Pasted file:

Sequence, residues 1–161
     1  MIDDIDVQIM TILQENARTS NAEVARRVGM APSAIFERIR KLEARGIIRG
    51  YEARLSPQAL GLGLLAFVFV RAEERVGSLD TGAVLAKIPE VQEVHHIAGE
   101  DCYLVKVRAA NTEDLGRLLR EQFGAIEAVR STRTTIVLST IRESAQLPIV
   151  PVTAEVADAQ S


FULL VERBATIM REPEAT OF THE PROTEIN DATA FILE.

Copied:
Sequence, residues 1–161
     1  MIDDIDVQIM TILQENARTS NAEVARRVGM APSAIFERIR KLEARGIIRG
    51  YEARLSPQAL GLGLLAFVFV RAEERVGSLD TGAVLAKIPE VQEVHHIAGE
   101  DCYLVKVRAA NTEDLGRLLR EQFGAIEAVR STRTTIVLST IRESAQLPIV
   151  PVTAEVADAQ S